A few newbie questions

This is a discussion on A few newbie questions within the General Firearm Discussion forums, part of the Related Topics category; Sorry for the newbie question, but could someone please explain this to me? Originally Posted by GlockFaq.com Why is it so dangerous to re-chamber the ...

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Thread: A few newbie questions

  1. #1
    New Member Array Gentoo's Avatar
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    A few newbie questions

    Sorry for the newbie question, but could someone please explain this to me?

    Quote Originally Posted by GlockFaq.com
    Why is it so dangerous to re-chamber the same round more than once?
    Loading/Unloading Magazines -- Caution!

    Constantly loading and unloading mags can cause deadly consequences for the unsuspecting pistolero! Reduced OAL is one of the primary causes of second shot stoppages (SSS) -- when the pistol fires the first round in the chamber, but malfunctions on the second round. This has been a serious problem, especially with some LEAs, and has resulted in much consternation about certain pistol brands or brand models.

    SSS problems are more of an ammo/operator issue and have little to do with the gun. The most common reason for SSS is reduced ammo OAL caused by loading and reloading the same two rounds over and over. The sequence goes something like this: remove the mag, cycle the chambered round out to unload; put the mag back in to reload; cycle in the next round; then put round no. 1 back in the mag.

    Typically, these two rounds could go through several load/unload sequences. The OAL of those two rounds may be reduced even after the first load/unload sequence. Seating depth is commonly .020" to .030" deeper than it should be in rounds that have suffered this abuse. When the OAL is reduced this much, the feed angle changes enough to present liability problems. Such rounds can also produce dangerously high pressure levels. This problem is one of the suspects in .40 S&W kaBooms!

    So to prevent this, keep a close watch over your loading/reloading procedures and make sure that a round is not bumped against the feed ramp -- no more than once. Move rounds that have been hand-cycled out of the load/unload sequence. Closely inspect your carry ammo to make sure that OAL hasn't suffered. It is recommended that you not carry the same ammo for more than three months under any circumstances.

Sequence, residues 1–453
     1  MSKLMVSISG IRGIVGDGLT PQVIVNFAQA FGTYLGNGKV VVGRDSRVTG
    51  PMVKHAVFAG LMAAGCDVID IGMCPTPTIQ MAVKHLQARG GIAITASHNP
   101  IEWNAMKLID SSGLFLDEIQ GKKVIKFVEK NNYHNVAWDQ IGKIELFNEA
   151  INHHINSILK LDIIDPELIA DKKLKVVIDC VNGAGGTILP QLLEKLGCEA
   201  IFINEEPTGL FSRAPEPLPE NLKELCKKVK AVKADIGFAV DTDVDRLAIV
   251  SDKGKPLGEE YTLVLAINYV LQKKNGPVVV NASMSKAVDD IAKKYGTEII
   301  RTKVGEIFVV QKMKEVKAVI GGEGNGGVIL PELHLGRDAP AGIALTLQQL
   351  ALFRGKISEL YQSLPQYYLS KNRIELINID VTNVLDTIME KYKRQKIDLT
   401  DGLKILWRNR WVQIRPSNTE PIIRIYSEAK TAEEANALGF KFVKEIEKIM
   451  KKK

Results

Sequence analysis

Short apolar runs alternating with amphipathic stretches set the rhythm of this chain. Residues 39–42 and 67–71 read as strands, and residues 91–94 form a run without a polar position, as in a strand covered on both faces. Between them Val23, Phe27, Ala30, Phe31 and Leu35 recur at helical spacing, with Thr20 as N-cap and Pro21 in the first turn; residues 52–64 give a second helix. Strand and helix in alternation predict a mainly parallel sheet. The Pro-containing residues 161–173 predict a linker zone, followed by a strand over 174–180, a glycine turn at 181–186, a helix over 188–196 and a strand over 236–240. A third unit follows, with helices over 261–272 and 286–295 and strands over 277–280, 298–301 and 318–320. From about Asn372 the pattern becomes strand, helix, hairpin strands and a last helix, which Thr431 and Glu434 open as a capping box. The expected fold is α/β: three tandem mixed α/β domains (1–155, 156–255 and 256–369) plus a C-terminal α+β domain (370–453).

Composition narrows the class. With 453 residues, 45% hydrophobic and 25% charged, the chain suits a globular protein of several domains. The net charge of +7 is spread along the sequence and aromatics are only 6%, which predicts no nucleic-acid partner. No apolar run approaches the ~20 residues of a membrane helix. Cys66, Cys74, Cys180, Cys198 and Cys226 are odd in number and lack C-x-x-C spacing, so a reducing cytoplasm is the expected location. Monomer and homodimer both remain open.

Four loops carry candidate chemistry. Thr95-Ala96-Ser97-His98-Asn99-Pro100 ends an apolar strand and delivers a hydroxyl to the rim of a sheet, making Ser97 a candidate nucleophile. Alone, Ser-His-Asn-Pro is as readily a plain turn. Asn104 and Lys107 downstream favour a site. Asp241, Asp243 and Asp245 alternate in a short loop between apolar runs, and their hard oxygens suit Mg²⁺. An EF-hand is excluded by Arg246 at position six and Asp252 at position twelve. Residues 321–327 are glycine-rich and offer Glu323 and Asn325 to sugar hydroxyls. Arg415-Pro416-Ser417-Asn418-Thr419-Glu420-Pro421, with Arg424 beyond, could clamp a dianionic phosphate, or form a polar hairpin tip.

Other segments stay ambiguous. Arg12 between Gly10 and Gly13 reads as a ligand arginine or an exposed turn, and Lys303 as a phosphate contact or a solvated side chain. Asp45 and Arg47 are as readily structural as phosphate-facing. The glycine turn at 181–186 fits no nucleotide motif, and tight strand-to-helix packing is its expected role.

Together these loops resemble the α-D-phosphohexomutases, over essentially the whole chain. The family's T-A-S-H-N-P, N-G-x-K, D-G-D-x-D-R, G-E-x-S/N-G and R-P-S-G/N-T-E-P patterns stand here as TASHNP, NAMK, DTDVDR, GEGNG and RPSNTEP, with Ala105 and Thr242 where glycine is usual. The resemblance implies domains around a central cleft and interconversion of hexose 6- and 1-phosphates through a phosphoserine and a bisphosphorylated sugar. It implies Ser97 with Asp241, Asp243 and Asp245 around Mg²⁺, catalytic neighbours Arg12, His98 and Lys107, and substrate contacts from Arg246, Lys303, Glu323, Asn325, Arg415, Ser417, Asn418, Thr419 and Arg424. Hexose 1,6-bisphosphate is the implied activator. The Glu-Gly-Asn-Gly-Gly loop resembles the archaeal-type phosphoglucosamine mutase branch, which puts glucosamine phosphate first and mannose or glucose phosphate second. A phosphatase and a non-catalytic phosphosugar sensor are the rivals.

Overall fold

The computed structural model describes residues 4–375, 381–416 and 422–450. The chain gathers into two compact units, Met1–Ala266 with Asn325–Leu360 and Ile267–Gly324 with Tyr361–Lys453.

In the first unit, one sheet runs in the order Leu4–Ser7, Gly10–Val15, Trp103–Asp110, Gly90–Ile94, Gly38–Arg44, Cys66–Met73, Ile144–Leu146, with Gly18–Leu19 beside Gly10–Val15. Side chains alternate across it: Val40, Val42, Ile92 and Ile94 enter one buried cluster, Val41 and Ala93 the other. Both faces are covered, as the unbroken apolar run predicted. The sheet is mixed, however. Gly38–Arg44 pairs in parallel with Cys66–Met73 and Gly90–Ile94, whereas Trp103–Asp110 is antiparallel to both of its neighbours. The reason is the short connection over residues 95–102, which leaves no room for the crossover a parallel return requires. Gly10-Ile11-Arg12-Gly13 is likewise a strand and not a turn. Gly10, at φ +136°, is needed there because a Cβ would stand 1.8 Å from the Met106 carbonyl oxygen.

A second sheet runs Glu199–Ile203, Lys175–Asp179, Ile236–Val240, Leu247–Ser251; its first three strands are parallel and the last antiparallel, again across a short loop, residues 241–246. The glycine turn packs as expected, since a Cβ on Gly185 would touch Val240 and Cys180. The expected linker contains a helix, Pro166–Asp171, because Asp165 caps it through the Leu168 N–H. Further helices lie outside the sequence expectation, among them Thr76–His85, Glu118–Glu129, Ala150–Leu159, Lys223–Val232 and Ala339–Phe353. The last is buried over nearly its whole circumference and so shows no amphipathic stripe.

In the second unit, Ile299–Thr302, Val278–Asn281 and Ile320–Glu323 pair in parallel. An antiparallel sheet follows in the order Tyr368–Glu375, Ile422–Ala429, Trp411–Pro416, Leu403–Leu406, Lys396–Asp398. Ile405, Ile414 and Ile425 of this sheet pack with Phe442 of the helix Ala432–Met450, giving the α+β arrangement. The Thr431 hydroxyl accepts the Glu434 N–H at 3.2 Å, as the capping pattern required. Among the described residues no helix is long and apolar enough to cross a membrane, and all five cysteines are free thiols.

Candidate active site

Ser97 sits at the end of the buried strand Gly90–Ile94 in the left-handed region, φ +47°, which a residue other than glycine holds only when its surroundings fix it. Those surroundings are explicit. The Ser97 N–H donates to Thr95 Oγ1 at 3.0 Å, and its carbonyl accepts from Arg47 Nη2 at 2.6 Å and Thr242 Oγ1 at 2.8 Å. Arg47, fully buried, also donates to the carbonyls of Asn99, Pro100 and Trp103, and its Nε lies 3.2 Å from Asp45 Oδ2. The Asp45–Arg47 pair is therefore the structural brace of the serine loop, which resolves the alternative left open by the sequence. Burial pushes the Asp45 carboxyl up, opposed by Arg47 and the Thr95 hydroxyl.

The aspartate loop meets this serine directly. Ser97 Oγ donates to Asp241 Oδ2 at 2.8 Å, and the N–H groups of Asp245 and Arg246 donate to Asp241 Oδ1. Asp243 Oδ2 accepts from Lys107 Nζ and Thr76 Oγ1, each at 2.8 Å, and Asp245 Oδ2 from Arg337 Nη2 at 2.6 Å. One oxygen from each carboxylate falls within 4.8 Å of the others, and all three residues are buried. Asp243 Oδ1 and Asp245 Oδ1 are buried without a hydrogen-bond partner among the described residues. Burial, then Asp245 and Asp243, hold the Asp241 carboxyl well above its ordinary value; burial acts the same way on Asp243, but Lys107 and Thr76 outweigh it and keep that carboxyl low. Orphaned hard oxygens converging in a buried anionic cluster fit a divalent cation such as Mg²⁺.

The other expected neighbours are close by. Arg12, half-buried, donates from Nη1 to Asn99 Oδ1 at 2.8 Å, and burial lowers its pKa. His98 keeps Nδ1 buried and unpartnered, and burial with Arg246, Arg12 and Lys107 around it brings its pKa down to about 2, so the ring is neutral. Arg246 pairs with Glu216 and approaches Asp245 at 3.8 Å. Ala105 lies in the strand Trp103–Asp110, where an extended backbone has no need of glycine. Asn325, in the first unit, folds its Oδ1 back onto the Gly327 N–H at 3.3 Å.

Are they saying not to put a magazine in, chamber a round, then eject it and put it back? Also, what it OAL? Finally, why should you not carry ammo for more than three months?

    Thanks again.

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  3. #2
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    OAL = Over All Length

    Bullets are just crimped on the top of the case. What happens when you cycle a cartridge is that the bullet gets pushed into the case because the crimps aren't that tight. This has two negative effects. One is it can fail to properly load into your chamber because it cannot engage the ramp that pushes it into position.

    The second is it can cause higher than normal pressures when the powder burns. If it is significantly higher pressure damage to the gun and failure of the gun can occur. The reference to the KABOOM.

    So yes, loading and reloading the same cartridges is not a good thing in semi-autos.

    If you carry your ammo all the time it is assumed that it will go through heating and cooling cycles do to varying environments. This can cause condensation inside the case and render the powder inert or reduce the amount that can burn etc. It is a generally accepted practice to rotate ammunition every three months. From a more practical standpoint you shouldn't go more than three months without shooting the ammo you carry so you can practice your shooting skills with your carry ammo.

    My cynical side says that the ammo companies just want you to buy more of the expensive defensive ammo to promote sales. However I'll go with the minimum practice interval of 90 days.
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  4. #3
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    If you constantly load unload, the top round (may) get pushed deeper in the case(setback) causing excessive pressures when fired. OAL =overall cartridge length used to measure during reloading). I don't see how 3 months can cause ammo to go bad. i have shot ammo from 1945 and older. while I would replace my ammo possibly yearly, I don't see 3 months being needed.